HIV Prevention Cultural Change Typically Essay

Pages: 2 (644 words)  ·  Bibliography Sources: ≈ 8  ·  File: .docx  ·  Level: College Senior  ·  Topic: Anthropology

SAMPLE EXCERPT . . .
Thus, levels of power are determined according to cultural differences that have been subscribed and dominated based on ethnic (usually physical or religious) differences. Ranks within culture are central to our understanding of cultural variation because the describe the actual fundamental issues that often result in cultural change. Typically, this change occurs because the dominant group takes on the higher rank, with lower ranked groups taking a subordinate position -- resulting in ethnocentrism and eventually the desire of the subdominant group to overthrow, integrate into, or change the position and levels -- causing a deep chasm and eventually cultural change (Harrison and Kagan, eds., 2006).

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For many scholars, social inequality combined with a level of mistrust, resource issues, and behavioral differences are the typical end product of ethnocentrism. Social inequality based on race, creed, or gender even that becomes a cultural identity, (e.g. The Old South or the Ethnocentric European view against Jews) is often perpetuated due to economic control and technological superiority -- keeping the lower classes uneducated. However, as technology among groups increases, so too does education. As education increases, the dominant culture often becomes the physical minority and holds power only due to military (or technological) reasons. Once cultural change occurs intellectually, there is a switch in power, a switch in dominance, and cultural change (e.g. The downfall of colonialism). Despite years, decades, or even centuries of dehumanization, cultural change is thus inevitable (Paul, 1998). This then, forms the rubric for our understanding of cultural change based on cultural diversity.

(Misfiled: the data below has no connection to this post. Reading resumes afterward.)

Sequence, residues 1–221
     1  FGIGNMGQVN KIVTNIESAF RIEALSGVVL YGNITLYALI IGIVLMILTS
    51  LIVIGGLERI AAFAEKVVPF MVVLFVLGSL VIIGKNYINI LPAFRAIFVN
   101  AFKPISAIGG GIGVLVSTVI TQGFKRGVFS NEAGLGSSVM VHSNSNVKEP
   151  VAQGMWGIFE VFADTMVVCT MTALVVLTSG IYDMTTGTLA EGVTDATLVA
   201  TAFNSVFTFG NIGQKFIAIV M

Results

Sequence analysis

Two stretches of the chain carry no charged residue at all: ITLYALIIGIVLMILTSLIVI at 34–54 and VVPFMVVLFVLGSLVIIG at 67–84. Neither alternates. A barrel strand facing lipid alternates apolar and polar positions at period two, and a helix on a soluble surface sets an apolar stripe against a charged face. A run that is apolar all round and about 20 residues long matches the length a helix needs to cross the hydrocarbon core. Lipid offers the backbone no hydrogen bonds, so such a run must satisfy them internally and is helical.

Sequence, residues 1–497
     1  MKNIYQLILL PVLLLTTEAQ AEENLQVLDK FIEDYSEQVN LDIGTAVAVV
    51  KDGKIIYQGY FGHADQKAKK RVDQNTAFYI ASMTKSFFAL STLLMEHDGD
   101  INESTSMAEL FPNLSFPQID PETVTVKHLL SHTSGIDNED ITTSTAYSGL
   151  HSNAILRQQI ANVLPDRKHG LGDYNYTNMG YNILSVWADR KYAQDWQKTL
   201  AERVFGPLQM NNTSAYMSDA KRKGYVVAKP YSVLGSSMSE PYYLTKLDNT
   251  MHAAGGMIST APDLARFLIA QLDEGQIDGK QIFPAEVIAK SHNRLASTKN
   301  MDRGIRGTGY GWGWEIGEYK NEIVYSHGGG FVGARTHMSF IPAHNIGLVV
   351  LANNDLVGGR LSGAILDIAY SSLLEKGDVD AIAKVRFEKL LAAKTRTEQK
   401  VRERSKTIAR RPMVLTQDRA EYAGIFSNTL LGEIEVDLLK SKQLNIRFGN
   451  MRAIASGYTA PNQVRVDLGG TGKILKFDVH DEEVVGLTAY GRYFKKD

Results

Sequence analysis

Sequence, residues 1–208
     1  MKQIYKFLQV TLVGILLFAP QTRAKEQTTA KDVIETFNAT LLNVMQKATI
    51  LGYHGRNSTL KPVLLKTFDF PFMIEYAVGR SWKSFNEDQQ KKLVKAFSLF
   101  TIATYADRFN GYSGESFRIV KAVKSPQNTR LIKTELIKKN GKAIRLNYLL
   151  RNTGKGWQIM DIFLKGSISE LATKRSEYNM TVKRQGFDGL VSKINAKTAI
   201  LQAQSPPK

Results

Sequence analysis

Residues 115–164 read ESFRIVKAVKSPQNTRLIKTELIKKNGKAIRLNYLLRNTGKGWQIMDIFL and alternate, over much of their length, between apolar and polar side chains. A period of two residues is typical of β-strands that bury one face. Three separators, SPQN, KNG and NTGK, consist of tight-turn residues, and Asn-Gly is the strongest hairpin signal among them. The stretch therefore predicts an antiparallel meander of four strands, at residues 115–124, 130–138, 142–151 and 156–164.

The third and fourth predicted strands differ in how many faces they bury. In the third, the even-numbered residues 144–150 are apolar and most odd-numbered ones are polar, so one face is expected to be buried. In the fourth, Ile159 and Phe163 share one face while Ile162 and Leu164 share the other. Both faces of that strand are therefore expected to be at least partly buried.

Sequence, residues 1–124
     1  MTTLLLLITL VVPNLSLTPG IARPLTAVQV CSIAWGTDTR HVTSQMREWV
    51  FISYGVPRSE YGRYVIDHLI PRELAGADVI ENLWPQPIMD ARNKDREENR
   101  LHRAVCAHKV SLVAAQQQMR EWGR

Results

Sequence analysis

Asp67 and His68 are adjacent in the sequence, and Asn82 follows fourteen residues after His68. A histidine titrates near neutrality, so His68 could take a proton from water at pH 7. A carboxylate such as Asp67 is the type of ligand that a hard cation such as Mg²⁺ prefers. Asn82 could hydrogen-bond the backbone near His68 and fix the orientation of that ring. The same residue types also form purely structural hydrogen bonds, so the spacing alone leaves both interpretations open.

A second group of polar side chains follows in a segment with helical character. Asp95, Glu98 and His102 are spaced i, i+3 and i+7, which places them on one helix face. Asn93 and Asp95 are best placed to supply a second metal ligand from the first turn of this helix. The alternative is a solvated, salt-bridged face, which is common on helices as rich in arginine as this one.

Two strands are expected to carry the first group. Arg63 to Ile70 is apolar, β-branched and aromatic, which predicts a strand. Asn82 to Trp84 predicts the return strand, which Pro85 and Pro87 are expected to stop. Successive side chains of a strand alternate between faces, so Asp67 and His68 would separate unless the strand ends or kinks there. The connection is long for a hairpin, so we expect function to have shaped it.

REFERENCES

Ferraro, G. (2008). Cultural Anthropology. Belmont, CA: Thompson Higher

Education/Cenage.

Gudykunst, W.B., ed. (2003). Cross-cultural and Intercultural Communication.

Thousand Oaks, CA: Sage Publications.

Essay on HIV Prevention Cultural Change Typically, Assignment

Harrison, L. And Kagan, J., eds. (2006). Developing Cultures: Essays on Cultural Change.

New York: Routlege Taylor and Francis Group.

Paul, A.M. (1998). Where Bias Begins: The Truth About Stereotypes.… [END OF PREVIEW] . . . READ MORE

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"HIV Prevention Cultural Change Typically."  Essaytown.com.  June 5, 2011.  Accessed December 1, 2020.
https://www.essaytown.com/subjects/paper/hiv-prevention-cultural-change-typically/5502849.